Judgement of one revered her Classical qualities more than did her besotted husband, Sir William Hamilton. A collector of Greek antiquities, and a scholar of some note, Hamilton conceived of Emma as Helen of Troy for the 1790s. "She was Hamilton's living embodiment of ideal Greek beauty," history tells us, "the Galatea to his Pygmalion, whom he regarded with the eyes of a connoisseur and who became his own living work of art" (Jenkins 84). In her letters, Emma remarks on the ardour of Sir William's courtship: You do not know how good Sr. Wm. is to me. he is doing every thing he can to make me happy. He has never dined out since I came here and indeed to speak the truth he is never out of my sight. He breakfasts, dines, sups, and is constantly by me, looking at my face. I can't stir a hand, a leg, or foot but he is marking it as graceful and fine. (Sherrard 85) Emma's increasingly curvaceous figure was particularly adored by Hamilton. As Emma notes in another letter: "He thinks I am grown much more handsome than I was, he does nothing all day but look at me and sigh" (Sherrard 86). True connoisseur of art that he was, Hamilton wanted the entire world to marvel at Emma's appearance. Emma records that "Sir Wm. is never so happy as when he is pointing out my beauties to...

Apart from her beauty, she possessed a charm and gaiety of manner that captivated her most hostile critics and an acting skill that she employed in her “Grecian attitudes” . Draped in a few yards of gauze, and standing in a black-lined box framed in gold, Emma entranced European society by portraying the various attitudes of the figures found at Herculaneum and thus one for them new fame all over the Continent. The cynics may say that she was merely adapting the skills she had learned while posing in indecent “tableaux vivants” in the stews of London, and they may well be right, but it did not affect her popularity in the least. Her Grecian eurythmics, as they came to be called, were copied by hordes of aspiring hostesses in every European capital. Nelson was recalled back to England, the three meandered back to Brittian via Central Europe and eventually arrived later in 1800 to a hero's welcome. The three then openly lived together, making the affair public knowledge and Nelson was eventually sent back to sea to remove him from Emma. Emma gave birth to Nelson's daughter, Horatia on January 31, 1801 and Sir William rented a home on Clarges Street in London. That same autumn Nelson bought Merton Place, a small house on the outskirts of modern day Wimbledon where he lived openly with Emma. Emma's popularity soared, and the newspapers reported on her every move, looking to her to set trends in everything from fashion to dinner menus. Sir William died in 1803 and Nelson returned to sea soon after, leaving Emma pregnant with their second child. The child died shortly after her birth and Emma, lonely and depressed turned gambling to distract herself. Nelson died at sea in 1805 by which time Emma had exhausted the small pension Sir William had left her and fell deeply into dept. Despite being a hero, Nelson's request for Emma and Horatia to be looked after were ignored and all of Nelson's estate and honours were given to his brother. Emma and Horatia spent a year in debters prison before moving to France to escape their creditors. Emma turned to drinking and died of amoebic dysentery, an illness she probably picked up in Naples (Sir William Also suffered from this), in Calais in January 1815. Horatia married Rev. Phillip Ward and lived until 188, she had 10 children....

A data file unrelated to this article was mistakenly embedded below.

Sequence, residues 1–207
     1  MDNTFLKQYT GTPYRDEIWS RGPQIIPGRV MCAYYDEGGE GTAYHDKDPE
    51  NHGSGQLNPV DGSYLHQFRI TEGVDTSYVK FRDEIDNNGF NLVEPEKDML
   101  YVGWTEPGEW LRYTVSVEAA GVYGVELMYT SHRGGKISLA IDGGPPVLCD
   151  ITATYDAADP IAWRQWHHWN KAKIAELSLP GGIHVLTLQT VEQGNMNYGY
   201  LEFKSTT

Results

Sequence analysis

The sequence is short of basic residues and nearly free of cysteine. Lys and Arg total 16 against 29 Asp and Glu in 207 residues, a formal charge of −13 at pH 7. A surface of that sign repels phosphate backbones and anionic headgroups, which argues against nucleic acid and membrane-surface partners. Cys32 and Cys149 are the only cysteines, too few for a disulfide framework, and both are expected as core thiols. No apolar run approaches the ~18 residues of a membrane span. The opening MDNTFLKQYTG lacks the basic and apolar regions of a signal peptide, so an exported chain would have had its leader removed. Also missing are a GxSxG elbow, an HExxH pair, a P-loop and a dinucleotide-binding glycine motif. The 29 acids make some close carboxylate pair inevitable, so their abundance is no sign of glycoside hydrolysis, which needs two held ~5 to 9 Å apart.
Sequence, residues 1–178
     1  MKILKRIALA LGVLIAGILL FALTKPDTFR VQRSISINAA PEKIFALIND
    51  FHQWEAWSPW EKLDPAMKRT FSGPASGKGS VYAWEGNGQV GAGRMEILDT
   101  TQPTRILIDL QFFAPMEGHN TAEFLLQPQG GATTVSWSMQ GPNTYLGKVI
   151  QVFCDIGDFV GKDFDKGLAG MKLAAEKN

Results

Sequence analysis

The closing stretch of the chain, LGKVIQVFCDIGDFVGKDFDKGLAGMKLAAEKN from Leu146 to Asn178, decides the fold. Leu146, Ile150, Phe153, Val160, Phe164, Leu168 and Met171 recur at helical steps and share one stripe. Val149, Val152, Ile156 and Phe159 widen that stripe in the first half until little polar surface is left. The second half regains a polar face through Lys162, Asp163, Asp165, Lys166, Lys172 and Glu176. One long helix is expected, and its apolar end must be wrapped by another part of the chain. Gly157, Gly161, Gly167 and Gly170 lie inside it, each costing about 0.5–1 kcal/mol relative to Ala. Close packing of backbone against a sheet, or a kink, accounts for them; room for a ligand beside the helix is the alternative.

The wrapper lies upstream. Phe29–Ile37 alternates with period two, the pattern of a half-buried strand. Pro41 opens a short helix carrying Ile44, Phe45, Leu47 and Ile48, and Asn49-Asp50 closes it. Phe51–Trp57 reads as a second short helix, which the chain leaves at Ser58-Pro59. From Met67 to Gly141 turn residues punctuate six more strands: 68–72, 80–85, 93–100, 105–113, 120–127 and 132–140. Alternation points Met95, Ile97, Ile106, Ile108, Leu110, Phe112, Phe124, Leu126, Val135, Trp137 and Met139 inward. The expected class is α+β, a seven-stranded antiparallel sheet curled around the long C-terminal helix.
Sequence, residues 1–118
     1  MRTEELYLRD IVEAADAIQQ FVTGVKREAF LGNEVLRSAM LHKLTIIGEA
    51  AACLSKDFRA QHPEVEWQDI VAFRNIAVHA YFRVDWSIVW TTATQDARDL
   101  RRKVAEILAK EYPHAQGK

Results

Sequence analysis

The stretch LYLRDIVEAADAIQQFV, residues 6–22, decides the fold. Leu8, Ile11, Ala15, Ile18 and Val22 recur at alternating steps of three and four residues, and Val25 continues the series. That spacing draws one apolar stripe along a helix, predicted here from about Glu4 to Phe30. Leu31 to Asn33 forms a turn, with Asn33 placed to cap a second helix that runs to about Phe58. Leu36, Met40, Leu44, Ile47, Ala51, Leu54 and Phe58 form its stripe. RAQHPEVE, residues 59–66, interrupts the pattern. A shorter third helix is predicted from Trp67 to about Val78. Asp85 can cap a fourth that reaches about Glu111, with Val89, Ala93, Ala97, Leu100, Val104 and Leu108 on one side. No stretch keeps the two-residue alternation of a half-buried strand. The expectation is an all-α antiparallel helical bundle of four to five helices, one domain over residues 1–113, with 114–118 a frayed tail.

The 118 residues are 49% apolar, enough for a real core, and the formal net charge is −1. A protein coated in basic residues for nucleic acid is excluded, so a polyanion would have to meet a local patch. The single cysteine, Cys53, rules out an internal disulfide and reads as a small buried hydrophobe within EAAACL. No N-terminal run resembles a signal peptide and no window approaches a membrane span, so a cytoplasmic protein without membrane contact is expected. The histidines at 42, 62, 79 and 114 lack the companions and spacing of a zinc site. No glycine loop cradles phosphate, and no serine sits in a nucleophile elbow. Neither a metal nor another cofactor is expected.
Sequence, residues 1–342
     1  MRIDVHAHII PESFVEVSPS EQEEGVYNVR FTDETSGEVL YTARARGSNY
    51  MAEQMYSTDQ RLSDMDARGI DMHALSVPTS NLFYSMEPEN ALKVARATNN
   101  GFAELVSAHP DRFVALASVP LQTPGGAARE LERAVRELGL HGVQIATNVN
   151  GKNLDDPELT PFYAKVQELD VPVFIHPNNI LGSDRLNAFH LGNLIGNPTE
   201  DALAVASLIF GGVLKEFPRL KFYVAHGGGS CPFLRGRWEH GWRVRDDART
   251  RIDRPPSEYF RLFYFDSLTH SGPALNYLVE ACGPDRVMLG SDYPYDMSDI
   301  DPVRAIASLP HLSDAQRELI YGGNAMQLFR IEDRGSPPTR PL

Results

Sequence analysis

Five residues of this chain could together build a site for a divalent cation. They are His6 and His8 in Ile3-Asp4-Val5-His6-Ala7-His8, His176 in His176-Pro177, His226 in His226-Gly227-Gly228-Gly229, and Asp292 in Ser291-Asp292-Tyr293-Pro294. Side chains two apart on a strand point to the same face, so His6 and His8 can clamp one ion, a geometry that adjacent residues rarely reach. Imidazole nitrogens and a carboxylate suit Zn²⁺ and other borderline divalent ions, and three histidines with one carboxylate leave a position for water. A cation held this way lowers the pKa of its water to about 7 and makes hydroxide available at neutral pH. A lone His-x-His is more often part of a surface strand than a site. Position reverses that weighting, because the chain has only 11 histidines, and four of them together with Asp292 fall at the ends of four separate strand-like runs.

…At this time The Royal Academy was having great difficulty finding models for their artists because the work was considered ‘unbecoming’, Emma however became a favorite model of Sir Joshua Reynolds and George Romney. Many Hundreds of paintings were painted of Emma, especially by Romney who became obsessed with her. Emma took on pseudonyms such as ‘Emma Potts,’ ‘Emily Potts,’ ‘Miss Emily,’ ‘Warren,’ ‘Beartie,’ and ‘Coventry’. Emma then worked as a model and dancer at the “Goddess of Health” for James Graham a Scottish “quack” doctor. The establishment’s greatest attraction being a bed with which electricity was passed giving patrons mild shocks. This supposidly aided conception and many infertile couples paid high prices to try it. One patron who paid for pleasure not conception was 18 year old George IV who sampled the bed with his Mistress Mary Robinson who had been one of the actress

hat Emma had been a maid for.

At the age of 15 Emma took on work at ‘Madame Kelly’s’ an exclusive brothel next to the Ritz Hotel. It had been reported in Town and Country Magazine that a woman looking very much like Emma had set up there. The magazine coyly refered to the establishment as “Santa Carolotta’s Nunnery”. It was there that Emma begain to refine her lewid postures for her more refined clients. One of Emma’s clients was Sir Harry Featherstonehaugh. She was hired by Sir Harry for several monthes from the brothel as the host and entertainer at a lengthy stag party at his country estate in South Downs. Sir Harry took Emma as his mistress but often neglected her for drinking and hunting. In late June early July of 1781 Emma conceived a child by Sir Harry. Sir Harry was furious by the unwanted pregnancy and placed Emma at one of his London houses. Sir Harry ignored Emma’s advances after this point and she then turned her attentions to his friend, Charles Frances Greville. Her daugher, Emma Carew was removed to be raised by a Mr. and Mrs. Blackbburn after she was born. Carew saw her mother frequently while growing up but when Emma went to debters prison Carew was forced to leave the country to work abroad as a companion or governess….